If you see what looks like a very bright star moving across the sky over Newcastle, it could be the International Space Station.

For the next week, the International Space Station should be visible in the night sky over Newcastle if the weather remains clear and cloudless. This is a wonderful opportunity for kids interested in space (like my own child) to spot the station.

Orbiting at 350 kilometres above the earth, the International Space Station station is an active scientific laboratory orbiting the earth and is currently conducting research into space physics and human body in space.

At the moment, the International Space Centre is home to Drew Feustel, Ricky Arnold and Serena Aunon-Chancellor from NASA, Alexander Gerst from European Space Agency  and Sergey Prokopyey and Oleg Artemye of Roscomos. Astronauts usually stay for approximately six months on the ISS.

Photo credit NASA. Expedition 56 crew gathers in the Zvezda service module shortly after three new crew members arrived June 8, 2018.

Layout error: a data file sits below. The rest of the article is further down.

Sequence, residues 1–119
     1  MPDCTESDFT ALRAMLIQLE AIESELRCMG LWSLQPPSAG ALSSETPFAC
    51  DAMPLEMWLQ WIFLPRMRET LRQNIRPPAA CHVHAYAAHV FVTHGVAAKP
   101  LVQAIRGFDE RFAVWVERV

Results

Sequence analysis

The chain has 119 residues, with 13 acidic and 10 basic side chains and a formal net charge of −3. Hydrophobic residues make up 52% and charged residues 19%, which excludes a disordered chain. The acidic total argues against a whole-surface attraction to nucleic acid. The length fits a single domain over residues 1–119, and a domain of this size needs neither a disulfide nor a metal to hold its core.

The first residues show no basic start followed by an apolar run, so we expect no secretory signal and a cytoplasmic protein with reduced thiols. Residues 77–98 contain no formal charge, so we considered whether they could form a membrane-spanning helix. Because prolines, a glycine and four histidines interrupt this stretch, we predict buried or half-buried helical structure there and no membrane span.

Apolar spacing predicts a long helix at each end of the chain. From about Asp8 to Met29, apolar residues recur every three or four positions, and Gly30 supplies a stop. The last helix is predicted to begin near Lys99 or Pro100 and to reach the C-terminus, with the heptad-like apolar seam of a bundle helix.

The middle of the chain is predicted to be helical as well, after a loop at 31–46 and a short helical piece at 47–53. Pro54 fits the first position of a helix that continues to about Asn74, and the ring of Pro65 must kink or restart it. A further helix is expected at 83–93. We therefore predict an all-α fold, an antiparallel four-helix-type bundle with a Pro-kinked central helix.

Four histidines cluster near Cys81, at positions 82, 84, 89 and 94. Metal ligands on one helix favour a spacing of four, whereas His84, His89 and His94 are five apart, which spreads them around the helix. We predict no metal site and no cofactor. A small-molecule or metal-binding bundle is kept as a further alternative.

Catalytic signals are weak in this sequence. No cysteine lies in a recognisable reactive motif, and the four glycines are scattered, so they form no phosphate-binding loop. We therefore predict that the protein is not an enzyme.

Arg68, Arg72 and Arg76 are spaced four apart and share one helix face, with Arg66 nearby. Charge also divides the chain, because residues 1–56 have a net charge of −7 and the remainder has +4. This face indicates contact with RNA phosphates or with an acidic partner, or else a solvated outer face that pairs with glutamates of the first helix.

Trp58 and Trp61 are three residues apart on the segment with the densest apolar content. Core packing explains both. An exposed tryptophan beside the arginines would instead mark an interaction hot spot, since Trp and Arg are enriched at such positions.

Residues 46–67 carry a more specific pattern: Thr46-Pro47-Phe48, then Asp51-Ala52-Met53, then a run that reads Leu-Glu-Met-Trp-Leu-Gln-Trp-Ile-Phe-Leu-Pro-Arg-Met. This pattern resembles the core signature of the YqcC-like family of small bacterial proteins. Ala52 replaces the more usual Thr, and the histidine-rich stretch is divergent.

Here’s some information about when you will be able to locate the International Space Station in the morning and night sky for the next fortnight.

NASA astronaut Drew Feustel is pictured tethered to the International Space Station just outside of the Quest airlock during a spacewalk he conducted with fellow NASA astronaut Ricky Arnold (out of frame) on June 14, 2018. Photo credit: NASA

On the NASA website, there is an online tool which indicates when and where the ISS will be visible. It even gives you directions on how to spot it in the night sky.

According to NASA, the station “looks like an airplane or a very bright star moving across the sky, except it doesn’t have flashing lights or change direction. It will also be moving considerably faster than a typical airplane (airplanes generally fly at about 600 miles per hour; the space station flies at 17,500 miles per hour)”.

The International Space Station is seen in this 30 second exposure as it flies over Elkton, VA early in the morning, Saturday, August 1, 2015. Photo Credit: NASA/Bill Ingalls

The International Space Station is seen in this 30 second exposure as it flies over Elkton, VA early in the morning, Saturday, August 1, 2015. Photo Credit: NASA/Bill Ingalls

The Space Station is typically visible around sunrise or sunset, because the sun reflects off the space centre and can be seen against a darker sky. Sightings are limited to only a few minutes.

If you miss the ISS this week, you can sign up for reminders as to when it will be back again.